“Where else around Auckland do you see three tower cranes at work?”
That was the answer Retail Property Group General Manager, Campbell Barbour, gave when asked how things are going out at Westgate. There was a note of real satisfaction and not a little pride in the voice of the man charged with building the biggest new town in New Zealand.
The new Westgate will be massive, rivalling the Manukau and Albany developments of the 1980’s and 1990’s repsectively. Like them, it is not a shopping centre. Westgate is a complete new town and will be the major economic hub for West Auckland as the geographical centre continues to move northwest. This includes expansion in Hobsonville and sufficient land for 20,000 new homes being opened between Westgate and Kumeu.
The new town will cover a site two kilometres long and is attracting over $1 billion in investment. When complete, it will have a CBD, great facilities and about 5,000 homes and more than 8,000 new jobs.
“It’s an explosion on a scale not seen in West Auckland since the late 1950’s baby boom,” says Campbell Barbour.
The difference this time is that all the facilities of a town will be completed at the same time as the housing.
Of the $1 billion in investment, more than $200 million will be invested by Auckland Council in creating public amenities. $20 million will be spent on a 3,500m2 library, a further $8 million will go towards a town square and community buildings and $5 million will be spent creating an underground bus station.
There will be 6ha of public open space and parks, a playground and skateboard park, cycleways, footpaths, retail centres and more than 8,000 jobs within walking distance.
Westgate was first mooted in 2002 in a joint initiative between RPG’s Chairman Mark Gunton and Waitakere City Council. From the outset, the new Westgate embraced environmental sustainability, partly because it is the right way to approach city building for the future and partly because of the extremely rigorous conditions applied by the former Auckland Regional Council.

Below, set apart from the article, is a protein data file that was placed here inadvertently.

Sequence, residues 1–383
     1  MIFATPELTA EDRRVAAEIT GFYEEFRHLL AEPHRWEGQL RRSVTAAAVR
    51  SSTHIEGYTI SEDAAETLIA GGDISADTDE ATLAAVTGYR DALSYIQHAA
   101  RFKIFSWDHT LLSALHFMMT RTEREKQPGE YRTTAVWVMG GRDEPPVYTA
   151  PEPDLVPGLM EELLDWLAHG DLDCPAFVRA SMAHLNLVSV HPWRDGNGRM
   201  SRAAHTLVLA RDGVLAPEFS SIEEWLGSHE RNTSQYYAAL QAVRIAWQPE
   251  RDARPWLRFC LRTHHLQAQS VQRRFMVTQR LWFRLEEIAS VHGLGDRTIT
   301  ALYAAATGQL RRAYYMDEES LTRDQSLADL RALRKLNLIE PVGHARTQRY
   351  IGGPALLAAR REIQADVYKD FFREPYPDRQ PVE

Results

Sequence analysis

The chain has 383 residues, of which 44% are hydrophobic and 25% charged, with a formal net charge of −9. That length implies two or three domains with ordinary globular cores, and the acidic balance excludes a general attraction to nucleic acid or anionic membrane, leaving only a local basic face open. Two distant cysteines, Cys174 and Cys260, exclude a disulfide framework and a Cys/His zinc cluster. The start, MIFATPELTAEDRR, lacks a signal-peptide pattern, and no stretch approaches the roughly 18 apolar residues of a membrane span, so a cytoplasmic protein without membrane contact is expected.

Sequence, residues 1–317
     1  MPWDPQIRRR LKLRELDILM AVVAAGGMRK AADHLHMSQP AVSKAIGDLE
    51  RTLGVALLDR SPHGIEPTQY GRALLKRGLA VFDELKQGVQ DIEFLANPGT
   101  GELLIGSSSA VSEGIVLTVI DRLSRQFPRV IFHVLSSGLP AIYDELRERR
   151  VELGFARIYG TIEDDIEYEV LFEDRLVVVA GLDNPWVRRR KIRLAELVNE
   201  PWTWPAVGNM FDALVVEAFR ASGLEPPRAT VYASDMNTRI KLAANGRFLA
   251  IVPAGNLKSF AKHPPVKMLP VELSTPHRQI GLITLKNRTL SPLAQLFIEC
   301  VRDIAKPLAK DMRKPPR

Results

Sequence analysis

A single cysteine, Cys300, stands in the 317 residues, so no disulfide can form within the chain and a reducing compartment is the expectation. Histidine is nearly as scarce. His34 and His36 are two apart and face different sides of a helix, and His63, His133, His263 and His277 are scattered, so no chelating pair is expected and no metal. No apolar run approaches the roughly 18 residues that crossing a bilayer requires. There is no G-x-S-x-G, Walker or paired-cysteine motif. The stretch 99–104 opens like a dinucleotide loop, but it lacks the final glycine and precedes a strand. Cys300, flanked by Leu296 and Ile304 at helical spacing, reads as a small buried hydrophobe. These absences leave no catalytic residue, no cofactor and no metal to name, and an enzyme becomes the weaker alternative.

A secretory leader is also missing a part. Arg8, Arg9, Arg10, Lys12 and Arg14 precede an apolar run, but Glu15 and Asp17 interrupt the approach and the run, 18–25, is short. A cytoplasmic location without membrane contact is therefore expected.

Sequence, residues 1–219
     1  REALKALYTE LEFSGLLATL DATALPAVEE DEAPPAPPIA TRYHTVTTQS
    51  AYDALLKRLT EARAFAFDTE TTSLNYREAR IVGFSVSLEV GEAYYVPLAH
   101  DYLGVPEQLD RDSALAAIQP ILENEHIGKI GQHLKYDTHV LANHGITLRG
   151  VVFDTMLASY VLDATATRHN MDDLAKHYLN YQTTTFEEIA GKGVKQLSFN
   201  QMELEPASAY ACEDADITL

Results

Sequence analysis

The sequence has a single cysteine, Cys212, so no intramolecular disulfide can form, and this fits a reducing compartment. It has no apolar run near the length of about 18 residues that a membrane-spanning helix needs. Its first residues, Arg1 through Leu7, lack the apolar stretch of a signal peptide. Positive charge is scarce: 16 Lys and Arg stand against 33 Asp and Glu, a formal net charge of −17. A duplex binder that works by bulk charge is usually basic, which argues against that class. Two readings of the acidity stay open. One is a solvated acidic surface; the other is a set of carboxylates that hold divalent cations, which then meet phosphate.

This means that among other features today, parking areas will use permeable paving and storm-water runoff is captured by swales rather than concrete storm-water pipes. Both permeable paving and swales enable the water to soak into the ground, allowing the earth to filter it of impurities before it finds its way into the water table or streams. This kind of water treatment mimics the way nature deals with stormwater and results in healthy streams and a healthier upperharbour.
Sustainability is assisted by having work opportunities, retail and residential quarters in close proximity, enabling people who live here to shop and seek work and take their recreation not just locally, but within walking distance. The bus interchange will make it easier for people to use public transport, especially when the upgrades on the North Western motorway are completed.
There are 11 separate zones, some permitting residential development, some commercial, some retail and so on. The first internal mall will be developed during next year in zone 5. In total RPG has resource consent to develop 213,000m2 of floorspace with a 30m height limit. This area will include up to 78,000m2 of offices in a scheme that is similar to North Shore’s Smales Farm.
The DNZ property group is on-site building the 26,000m2 DNZ Mall and a new Mitre 10 Mega store is taking shape as is a Pak’n'Save supermarket. All are scheduled to open before Christmas.
Work on the library and other community facilities and the office developments is scheduled to get underway next year and on the residential sector, in 2016.